Without further ado, here’s what to see and do in Tallinn in 3 days:
The obvious choice for your first day in Tallinn, you’re about to explore every nook and cranny of the city’s jaw-dropping Old Town, hands down the most beautiful in the Baltic and – dare I say – one of the best-preserved in all of Europe! Originally surrounded by an extensive city wall, with a 2km stretch remaining relatively intact, the best way to access the historic center is through Viru Gate, the original main entrance to the Old Town. Once you’re in, it’s impossible not to feel impressed by the maze of narrow streets, cobblestone lanes and colorful façades. Everything has a medieval feel to it, from the classic buildings to the themed shops and restaurants, not to mention the historic structures and ancient churches – an absolute gem! Speaking of churches, first stop will take place at St. Olaf’s Church, the tallest building in the Old Town, converted into a surveillance and espionage center during the Soviet era. Next up, you’ll walk through St. Catherine’s Passage, a hidden and extremely picturesque alley that will lead you into the Town Hall Square. Considered the heart of Tallinn, the square is surrounded by those cute rows of colorful houses, with the Old Town Hall – the oldest in northern Europe – standing right in the middle. While you’re there, make sure not to miss Raeapteek, the oldest operating pharmacy in all of Europe, dating back to the 15th century! Inside, you can also have access to a small museum showcasing the pharmacy’s early medicines and medieval healing methods.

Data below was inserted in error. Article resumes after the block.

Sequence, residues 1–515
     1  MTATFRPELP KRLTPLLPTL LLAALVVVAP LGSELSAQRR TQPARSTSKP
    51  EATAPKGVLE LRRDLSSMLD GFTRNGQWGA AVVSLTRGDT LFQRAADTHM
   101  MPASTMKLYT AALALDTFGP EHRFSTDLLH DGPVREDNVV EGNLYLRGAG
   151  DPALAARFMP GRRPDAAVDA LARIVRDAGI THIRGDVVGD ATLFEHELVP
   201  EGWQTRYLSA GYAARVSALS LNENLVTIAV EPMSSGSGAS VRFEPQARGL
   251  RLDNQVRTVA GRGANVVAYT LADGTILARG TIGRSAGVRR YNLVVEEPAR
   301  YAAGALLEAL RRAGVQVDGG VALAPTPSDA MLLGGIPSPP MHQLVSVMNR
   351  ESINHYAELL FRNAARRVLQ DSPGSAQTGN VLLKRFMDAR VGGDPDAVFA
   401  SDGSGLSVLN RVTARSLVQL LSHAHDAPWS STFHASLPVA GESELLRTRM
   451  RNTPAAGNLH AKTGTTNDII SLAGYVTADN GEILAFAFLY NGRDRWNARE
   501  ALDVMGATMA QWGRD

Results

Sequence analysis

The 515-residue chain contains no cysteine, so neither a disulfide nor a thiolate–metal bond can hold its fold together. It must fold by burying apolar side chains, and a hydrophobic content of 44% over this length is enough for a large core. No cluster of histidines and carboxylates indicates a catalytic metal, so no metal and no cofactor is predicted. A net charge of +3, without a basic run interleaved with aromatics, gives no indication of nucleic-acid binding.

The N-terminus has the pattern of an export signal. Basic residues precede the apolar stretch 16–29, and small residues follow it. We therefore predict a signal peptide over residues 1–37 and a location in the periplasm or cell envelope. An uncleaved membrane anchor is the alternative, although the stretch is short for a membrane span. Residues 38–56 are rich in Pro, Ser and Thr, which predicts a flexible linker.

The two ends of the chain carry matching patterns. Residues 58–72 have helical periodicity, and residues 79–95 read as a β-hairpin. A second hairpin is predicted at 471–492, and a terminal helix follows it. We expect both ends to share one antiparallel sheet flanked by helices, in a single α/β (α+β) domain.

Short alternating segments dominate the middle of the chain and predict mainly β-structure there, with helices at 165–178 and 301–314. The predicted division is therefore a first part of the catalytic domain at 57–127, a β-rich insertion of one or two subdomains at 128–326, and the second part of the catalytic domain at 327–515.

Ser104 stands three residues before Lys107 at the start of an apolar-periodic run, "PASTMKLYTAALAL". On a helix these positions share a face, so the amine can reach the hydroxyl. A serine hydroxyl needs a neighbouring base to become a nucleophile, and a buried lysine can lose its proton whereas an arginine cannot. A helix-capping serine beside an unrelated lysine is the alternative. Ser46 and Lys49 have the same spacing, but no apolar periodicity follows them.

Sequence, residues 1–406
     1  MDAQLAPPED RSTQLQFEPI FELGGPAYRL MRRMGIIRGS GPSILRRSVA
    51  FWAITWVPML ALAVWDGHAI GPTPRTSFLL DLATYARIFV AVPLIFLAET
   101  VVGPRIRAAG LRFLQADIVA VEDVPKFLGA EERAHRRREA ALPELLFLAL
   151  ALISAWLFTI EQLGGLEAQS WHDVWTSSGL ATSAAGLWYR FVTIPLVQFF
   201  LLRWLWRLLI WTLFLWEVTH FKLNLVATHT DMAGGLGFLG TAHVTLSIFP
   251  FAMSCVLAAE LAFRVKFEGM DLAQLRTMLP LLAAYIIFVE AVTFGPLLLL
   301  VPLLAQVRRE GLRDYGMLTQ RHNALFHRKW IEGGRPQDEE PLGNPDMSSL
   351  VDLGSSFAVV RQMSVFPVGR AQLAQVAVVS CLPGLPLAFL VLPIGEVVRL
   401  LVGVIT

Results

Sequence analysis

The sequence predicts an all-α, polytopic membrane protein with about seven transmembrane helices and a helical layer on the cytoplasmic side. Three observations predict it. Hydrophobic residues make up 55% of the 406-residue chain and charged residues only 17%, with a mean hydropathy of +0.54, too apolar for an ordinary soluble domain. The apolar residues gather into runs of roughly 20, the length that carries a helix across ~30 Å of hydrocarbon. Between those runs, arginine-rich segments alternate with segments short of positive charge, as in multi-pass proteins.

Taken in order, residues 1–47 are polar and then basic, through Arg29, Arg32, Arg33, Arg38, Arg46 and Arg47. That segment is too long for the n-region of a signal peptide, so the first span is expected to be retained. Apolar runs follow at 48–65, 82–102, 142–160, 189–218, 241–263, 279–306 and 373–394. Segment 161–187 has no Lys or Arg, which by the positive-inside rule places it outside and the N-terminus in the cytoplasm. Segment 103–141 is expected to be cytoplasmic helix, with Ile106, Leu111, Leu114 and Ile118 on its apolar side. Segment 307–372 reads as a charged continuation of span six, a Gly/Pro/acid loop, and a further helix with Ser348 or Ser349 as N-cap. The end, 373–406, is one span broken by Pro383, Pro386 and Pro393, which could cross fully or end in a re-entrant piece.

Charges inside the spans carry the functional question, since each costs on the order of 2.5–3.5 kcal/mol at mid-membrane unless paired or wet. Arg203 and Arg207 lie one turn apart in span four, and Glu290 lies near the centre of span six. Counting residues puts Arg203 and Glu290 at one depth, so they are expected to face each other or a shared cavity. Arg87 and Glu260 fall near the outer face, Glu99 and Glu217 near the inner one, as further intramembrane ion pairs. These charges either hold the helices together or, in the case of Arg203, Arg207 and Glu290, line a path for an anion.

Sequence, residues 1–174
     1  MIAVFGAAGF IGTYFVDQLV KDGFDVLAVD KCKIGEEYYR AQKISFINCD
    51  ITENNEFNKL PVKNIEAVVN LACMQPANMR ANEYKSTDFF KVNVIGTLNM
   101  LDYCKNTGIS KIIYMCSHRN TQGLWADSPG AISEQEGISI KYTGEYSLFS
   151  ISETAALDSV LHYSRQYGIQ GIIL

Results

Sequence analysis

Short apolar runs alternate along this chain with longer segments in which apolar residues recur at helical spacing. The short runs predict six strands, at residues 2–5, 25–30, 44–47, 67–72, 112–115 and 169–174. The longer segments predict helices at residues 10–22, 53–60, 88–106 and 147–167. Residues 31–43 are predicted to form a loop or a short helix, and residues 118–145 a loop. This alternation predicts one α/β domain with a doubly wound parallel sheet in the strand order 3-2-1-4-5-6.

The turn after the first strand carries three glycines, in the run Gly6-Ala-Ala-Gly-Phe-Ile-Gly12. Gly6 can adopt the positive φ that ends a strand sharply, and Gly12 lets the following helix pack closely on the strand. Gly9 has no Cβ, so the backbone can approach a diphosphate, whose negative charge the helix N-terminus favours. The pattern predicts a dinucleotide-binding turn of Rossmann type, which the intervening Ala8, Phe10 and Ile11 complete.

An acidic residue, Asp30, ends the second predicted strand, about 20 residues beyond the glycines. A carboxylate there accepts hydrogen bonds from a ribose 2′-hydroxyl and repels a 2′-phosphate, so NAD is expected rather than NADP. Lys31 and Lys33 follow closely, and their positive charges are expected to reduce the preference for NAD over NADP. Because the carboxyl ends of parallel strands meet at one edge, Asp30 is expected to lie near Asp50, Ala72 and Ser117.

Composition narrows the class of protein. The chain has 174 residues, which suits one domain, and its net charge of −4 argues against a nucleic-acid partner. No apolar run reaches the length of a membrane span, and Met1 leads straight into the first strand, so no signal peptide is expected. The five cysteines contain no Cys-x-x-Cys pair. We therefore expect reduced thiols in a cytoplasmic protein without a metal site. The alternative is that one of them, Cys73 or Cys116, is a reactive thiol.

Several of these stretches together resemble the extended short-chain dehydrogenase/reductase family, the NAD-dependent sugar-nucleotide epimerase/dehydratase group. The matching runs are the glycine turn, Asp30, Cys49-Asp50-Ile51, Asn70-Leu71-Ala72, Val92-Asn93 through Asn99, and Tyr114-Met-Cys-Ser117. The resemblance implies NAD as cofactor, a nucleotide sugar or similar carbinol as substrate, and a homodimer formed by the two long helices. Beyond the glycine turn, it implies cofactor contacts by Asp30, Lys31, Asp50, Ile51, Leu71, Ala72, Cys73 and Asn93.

By now, you probably will have noticed the Old Town isn’t exactly flat, with part of it standing atop a small hill (still within the ancient city walls). Well, it’s time to walk up those winding streets and hit up Toompea Hill, where you’ll find what is probably the most emblematic building in Tallinn: the Alexander Nevsky Cathedral! With its onion-shaped domes, golden details and vibrant frescoes painted across the walls, this is an excellent example of the classic Orthodox style you can easily find in the likes of Russia and Ukraine. Right across the cathedral, check out Toompea Castle, the current seat of the Estonian Parliament, as well St. Mary’s Cathedral, another of the city’s historic churches. To cap off your day, and since you’re already at the highest point in the Old Town, there’s nothing better than enjoying the most famous view of Tallinn. All you have to do is walk to the Kohtuotsa Viewing Platform, where you can enjoy an unobstructed panoramic view of the church’s spirals, the wall’s remaining watchtowers and the sea of countless terracotta rooftops. Right next to it, you can also take a peek at the Patkuli Viewing Platform, with a better view of the remaining section of the city walls.
Now that you’ve explored the Old Town, your second day in Tallinn is all about venturing into the Estonian capital’s lesser-known districts, starting with the Quarter of Kalamaja. The place where local fishermen traditionally lived, this neighborhood is famous for its typical and colorful wooden architecture. While it may not boast the same grandeur and detail of the Old Town, it is nonetheless an excellent place for a stroll! Moreover, stretching down to the port area, Kalamaja is also where you’ll find the Lennusadam Seaplane Harbour (€15,00), one of the coolest museums in the city. Housed inside an old seaplane hangar, this museum is dedicated to Estonia’s maritime history, allowing you to enter and explore the interiors of a 1930s submarine and a 100(plus)-year-old icebreaker ship (Suur Töll), originally built for the Russian Empire’s navy! Also in Kalamaja, pretty much next to the museum, we recommend paying a visit to the Patarei Prison. Originally built as a fortress, Patarei Prison was then transformed into a detention center by the new Estonian nation, before playing a central role in the imprisonment, interrogation and deportation of political activists during the Soviet occupation. Now, it is set to become the International Museum for the Victims of Communism, scheduled to open in 2026.